• JD,

      “Shooting the man – in metaphor ONLY of course – who led you into disaster is, indeed, Holistic Suicide.”

      Truer words were never spoken.

      As always, your comment speaks volumes.

      All the best to you and yours,

      A♠

  3. I’d recommend everyone who’s on a journey to fix themselves, read it when it seems like it’s all coming down.

    Also – excellent shot group.

    From what distance are you shooting?

    Wald

    • Wald,

      Sincere thanks.

      I shoot mostly between 15 and 20′ as that’s where the majority of gunfights occur.

      Recall, I’m not – and never have been – a soldier (in the official sense).

      Stay well,

      A♠

      • That’s as good a distance as any.

        There’s little need to be accurate with a pistol beyond that distance, even in combat (automatic rifle almost always suits you better past 20′ anyway).

        Wald

  4. This is a take on “die-to-self” that I hadn’t considered before. Might be worth trying…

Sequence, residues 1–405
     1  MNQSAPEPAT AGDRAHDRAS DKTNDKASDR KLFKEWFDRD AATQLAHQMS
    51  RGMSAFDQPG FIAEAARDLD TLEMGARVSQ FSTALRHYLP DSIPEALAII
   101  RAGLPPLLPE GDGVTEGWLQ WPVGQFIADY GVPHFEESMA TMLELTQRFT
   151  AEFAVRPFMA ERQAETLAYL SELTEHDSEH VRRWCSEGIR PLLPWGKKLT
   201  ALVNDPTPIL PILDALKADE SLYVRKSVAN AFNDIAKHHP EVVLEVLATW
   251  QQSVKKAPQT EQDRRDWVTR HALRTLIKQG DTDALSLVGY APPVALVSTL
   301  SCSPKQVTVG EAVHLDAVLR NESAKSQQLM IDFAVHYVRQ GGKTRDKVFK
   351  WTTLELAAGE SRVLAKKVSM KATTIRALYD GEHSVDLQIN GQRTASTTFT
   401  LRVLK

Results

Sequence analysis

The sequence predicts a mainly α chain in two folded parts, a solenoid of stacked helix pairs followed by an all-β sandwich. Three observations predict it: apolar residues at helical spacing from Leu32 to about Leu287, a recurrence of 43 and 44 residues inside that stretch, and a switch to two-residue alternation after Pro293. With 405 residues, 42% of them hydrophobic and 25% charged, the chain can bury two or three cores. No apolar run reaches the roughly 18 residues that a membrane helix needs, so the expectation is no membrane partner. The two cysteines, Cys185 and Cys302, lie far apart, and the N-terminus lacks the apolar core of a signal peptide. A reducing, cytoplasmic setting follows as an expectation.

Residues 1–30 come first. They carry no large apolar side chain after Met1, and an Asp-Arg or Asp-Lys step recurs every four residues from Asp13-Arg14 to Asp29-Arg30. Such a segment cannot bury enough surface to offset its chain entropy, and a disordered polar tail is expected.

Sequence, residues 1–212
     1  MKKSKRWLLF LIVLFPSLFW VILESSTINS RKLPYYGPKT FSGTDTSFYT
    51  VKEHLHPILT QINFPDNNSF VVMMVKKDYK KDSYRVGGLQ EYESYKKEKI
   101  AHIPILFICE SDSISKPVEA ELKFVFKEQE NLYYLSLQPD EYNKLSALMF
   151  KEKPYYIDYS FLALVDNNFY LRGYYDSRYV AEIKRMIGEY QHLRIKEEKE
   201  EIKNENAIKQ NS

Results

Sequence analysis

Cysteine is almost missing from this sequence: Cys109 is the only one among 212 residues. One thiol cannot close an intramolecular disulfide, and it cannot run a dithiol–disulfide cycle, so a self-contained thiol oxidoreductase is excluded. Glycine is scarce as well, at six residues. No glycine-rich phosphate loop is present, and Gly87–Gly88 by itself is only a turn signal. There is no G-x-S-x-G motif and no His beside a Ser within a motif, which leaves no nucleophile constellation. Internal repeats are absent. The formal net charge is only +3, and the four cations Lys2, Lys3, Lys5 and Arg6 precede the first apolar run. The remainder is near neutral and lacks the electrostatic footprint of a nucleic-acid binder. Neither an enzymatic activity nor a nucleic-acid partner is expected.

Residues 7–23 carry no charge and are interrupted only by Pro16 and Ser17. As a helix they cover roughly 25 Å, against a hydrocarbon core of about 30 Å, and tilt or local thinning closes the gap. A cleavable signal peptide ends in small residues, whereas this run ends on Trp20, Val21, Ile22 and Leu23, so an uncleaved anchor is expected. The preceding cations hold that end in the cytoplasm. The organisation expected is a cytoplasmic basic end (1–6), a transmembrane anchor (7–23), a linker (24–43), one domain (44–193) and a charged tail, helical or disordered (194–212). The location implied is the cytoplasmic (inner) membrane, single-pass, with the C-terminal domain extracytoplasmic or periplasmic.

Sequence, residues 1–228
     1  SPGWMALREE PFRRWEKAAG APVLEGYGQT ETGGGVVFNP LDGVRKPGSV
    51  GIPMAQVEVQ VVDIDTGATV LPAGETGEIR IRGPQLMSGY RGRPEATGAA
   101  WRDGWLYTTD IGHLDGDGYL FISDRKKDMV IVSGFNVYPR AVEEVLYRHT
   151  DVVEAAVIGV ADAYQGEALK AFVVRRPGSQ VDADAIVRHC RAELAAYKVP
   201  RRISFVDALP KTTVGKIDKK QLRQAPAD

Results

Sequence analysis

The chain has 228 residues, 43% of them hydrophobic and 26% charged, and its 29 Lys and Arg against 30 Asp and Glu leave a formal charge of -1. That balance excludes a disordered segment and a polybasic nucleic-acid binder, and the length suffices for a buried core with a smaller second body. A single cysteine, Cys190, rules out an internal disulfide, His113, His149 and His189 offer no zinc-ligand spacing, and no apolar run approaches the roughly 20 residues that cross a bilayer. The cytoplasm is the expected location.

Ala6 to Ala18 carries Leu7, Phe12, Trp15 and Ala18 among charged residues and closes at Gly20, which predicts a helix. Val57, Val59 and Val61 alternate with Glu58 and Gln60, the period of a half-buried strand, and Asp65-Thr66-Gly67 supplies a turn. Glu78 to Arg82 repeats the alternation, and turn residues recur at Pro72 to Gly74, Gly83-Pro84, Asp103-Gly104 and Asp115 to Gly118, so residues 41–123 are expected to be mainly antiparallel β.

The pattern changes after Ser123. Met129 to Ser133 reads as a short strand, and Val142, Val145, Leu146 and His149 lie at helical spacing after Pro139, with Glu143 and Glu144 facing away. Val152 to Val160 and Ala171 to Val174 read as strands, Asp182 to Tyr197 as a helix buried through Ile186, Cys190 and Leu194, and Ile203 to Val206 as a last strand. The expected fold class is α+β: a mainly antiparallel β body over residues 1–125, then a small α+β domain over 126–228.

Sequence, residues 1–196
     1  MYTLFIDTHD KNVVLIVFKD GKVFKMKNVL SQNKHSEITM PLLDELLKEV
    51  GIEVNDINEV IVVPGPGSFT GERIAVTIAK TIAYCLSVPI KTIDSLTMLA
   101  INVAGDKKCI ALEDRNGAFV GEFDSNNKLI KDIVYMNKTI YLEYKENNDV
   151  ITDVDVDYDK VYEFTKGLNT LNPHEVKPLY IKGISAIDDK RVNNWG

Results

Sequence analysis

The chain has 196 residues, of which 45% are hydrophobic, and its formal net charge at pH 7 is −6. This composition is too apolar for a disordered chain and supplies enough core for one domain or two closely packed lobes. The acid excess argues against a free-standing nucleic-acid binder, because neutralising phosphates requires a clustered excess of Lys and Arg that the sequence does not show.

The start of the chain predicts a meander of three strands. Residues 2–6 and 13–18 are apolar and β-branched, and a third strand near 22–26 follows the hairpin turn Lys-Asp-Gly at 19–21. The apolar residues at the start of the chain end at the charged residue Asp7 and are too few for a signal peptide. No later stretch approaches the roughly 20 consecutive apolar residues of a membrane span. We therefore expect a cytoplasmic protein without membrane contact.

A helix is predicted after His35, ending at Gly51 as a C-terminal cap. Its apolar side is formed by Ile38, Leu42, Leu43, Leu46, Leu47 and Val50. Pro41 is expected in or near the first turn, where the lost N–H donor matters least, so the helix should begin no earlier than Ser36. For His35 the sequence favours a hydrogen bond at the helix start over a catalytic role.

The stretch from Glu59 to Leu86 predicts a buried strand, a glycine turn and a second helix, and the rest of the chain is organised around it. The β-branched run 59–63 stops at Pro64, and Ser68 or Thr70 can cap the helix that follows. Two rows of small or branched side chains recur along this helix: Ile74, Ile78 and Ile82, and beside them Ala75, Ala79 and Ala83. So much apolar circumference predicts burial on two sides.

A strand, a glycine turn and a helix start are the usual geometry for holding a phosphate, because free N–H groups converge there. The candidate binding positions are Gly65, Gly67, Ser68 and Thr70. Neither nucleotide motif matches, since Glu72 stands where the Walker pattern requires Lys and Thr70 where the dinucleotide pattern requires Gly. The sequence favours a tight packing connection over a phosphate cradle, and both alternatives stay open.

5. If you were given the option right now to win $50 million in a lottery, or go back to your 18th birthday knowing everything you know now—which would you choose?

    If everyone on the planet were 6ft. in height, there would be no tall or short. If every day were 70º, there would be no warm or cold. If there is no pain, you cannot experience joy. If there is no hate, you cannot experience love. If there is no offence, you cannot experience forgiveness. Every molecule of your being already knows everything there is to know. But knowing isn’t understanding, not without the experience. You can describe sex to a virgin a thousand different ways, but the virgin will never have your understanding without the experience. This is the Biblical Parable of Talents… the servant who buried his master’s gift so as not to lose anything ends up being chastised by the master when he returns. The Talent given is your life. Doing nothing with it out of fear of losing something is the greatest of waste, because it denies the very reason you’re here.

    Having your heart broken is doing something.

    Having your wealth plundered is doing something.

    Having your reputation crushed unjustly is doing something.

    Have you ever noticed what sports reporters ask every champion moments after their victory? “Tell me, how does it feel…?”

    The reporter asks because he’s never had the experience. This is the virgin asking you what sex feels like.